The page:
The Alibi

Dannye Chase

Jake tried to give Detective Franks his most winning smile. “Guys! Come on! This one wasn’t me. I don’t do armed robbery, you know that.”

Franks was unmoved. “Do you have an alibi?”

“I was home.”

“You got anyone that can confirm that?”

“Uh—” Jake looked around at the other cops in the squad room, feeling helpless. “No. I was alone.”

Franks smiled. “That’s too bad for you, Jake. This was a nasty one. You’re going back to prison.”

“Wait!” Jake groaned. “Okay, actually, I had someone over.” He gave a nervous laugh. “Look, I’ll be honest here. Last night, I was planning to rob the First Municipal Bank. It was the middle of the night, no people there, you guys know I don’t do anything when people are there! But then Fantastic Man showed up, you know, cape, mask, doing that keep-the-city-safe thing, and he busted me. And then he took me home, and after that I… stayed in.” Jake cleared his throat. “And he, um, stayed, too.”

Franks raised an eyebrow. “Doing what?”

“Well, uh, he gave me… a firm… talking to. And I took, uh… his advice to heart.”

Franks’s other eyebrow went up, along with those of just about everybody else in the squad room. The chatter ceased, all eyes on Jake.

“And how long did that take?” Franks wanted to know.

“Till about three? So you know, I wasn’t around to rob the 24-hour diner.”

Franks was still just staring at him. “Must have been some lecture.”

Jake nodded. “Yeah, he was sorry to have missed the notification about the diner robbery, I’ve told him to turn the sound up on his phone, when he’s… lecturing, but he forgets.”

Another cop had come over now. His name tag read Peterson. “So Fantastic Man lectures you often?” Peterson asked.

Jake fidgeted a little. “Oh, um, well… I seem to need a good lecture now and then.”

Frank snorted. “Yeah, nice try.” He nodded to Peterson. “Book him.”

“Guys!” Jake exclaimed, putting his hands up to hold them off. “Look, let me just call him.”

All the eyebrows went back up.

“You have Fantastic Man’s phone number,” said Franks, clearly skeptical.

“Oh, well, I mean, uh… it’s a burner. Of course. I wouldn’t have his actual—” 

One of the other cops gave a derisive laugh. “So I suppose you know his secret identity, too.”

Jake laughed right back. It sounded kind of shrill, though. “Um— of course not! I mean, I’m a criminal. He’d never tell me that.”

“So when he lectures you he wears his mask?” This, of course, was Peterson again.

Jake just fumbled his phone out of his pocket and dialed a number. “Hey. It’s me. Um, I mean, it’s Jake. Jake Adams. No, I’m okay. I’m at the station. No, about the diner robbery. I told them that. Yeah, they want my alibi. Look, I’m sorry, I wouldn’t, except it was an armed robbery, and with my record… Um… I said we were… talking.” Jake sputtered a bit, trying not to blush in front of a room full of cops. “Yeah, that’s so funny, ha ha. No, you don’t have to come all the way here…” He groaned. “Okay. See you in a few.”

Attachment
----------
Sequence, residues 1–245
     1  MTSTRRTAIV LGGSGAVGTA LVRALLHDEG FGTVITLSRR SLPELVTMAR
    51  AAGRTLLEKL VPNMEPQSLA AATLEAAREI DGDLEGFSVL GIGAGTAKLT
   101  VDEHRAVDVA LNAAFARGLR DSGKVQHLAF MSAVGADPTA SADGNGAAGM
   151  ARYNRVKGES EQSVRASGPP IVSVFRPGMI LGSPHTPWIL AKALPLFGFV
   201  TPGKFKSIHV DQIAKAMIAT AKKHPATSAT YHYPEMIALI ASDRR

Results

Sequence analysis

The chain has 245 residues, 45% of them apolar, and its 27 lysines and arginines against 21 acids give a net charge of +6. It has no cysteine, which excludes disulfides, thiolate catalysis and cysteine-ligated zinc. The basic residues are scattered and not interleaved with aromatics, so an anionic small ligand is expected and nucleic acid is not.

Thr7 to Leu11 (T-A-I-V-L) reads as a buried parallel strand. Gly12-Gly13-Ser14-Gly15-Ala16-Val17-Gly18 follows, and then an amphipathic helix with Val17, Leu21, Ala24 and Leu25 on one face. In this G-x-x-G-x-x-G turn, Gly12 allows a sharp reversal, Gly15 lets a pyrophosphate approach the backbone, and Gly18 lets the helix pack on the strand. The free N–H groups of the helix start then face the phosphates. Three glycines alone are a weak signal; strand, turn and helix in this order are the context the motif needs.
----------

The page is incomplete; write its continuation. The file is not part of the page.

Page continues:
It wasn’t like it took Fantastic Man very long to get anywhere, what with his supersonic flight ability, but Jake felt like he stood there an age. He’d never been under interrogation by the entire police force before. He busied himself making sure a window was open, and a moment later, a man in a red cape and shining white outfit (complete with distractingly, fantastically tight pants) stepped over the sill.

He was immediately mobbed. “Oh, I see,” Jake muttered under his breath. “You just wanted to sign autographs.”

Fantastic Man had hearing that was, naturally, fantastic, and he gave Jake a smirk. The red mask hid the upper part of his face except for his eyes, but even with it on, he could be quite expressive.

“You weren’t really at his apartment, were you?” Franks asked, looking at Fantastic Man with a bit of awe.

Fantastic Man’s mouth twitched up in a bit of a smile, just for a second. “We had things to discuss,” he said.

“Important crime things!” Jake added quickly.

Fantastic Man was not fantastic at keeping a straight face. (To be fair, he was not really fantastic at keeping a straight anything.) In any case, he gave Jake a look that was rather fond, to Jake’s growing exasperation.

“Uh,” said Franks, eloquently. “Okay. We’ll let him go, I guess.”

And now Fantastic Man was apparently going to stand around with Jake while they did the paperwork. At least nobody else had super-hearing. “I heard about the volcano on the news,” Jake said, as quietly as he could. “You okay?”

Fantastic Man had a fantastic smile, bright and handsome. “I’m fine,” he said, just as softly. “You know, you left your jacket at my place. Do you want to grab it tonight? I can get take out from that restaurant you like in Italy.”

“Yeah, sounds good.” Jake fidgeted a bit. “Look, I’m really sorry about this.”

“Well, if you didn’t go around attempting burglaries you wouldn’t have this problem,” Fantastic Man pointed out, although he did look rather fond again.

Jake snorted. “As if we don’t both make our living from the same thing.”

Fantastic Man rolled his eyes. “Let’s leave the moral discussions for tonight.” 

As soon as Franks waved at Jake, dismissing him, Jake shooed Fantastic Man back to the window.

“Try to stay out of trouble until then?” Fantastic Man asked.

Finally with his back turned to the cops, Jake relaxed a little. “Oh, you know how I love a good moral discussion,” he said with a grin. “But I make no promises.”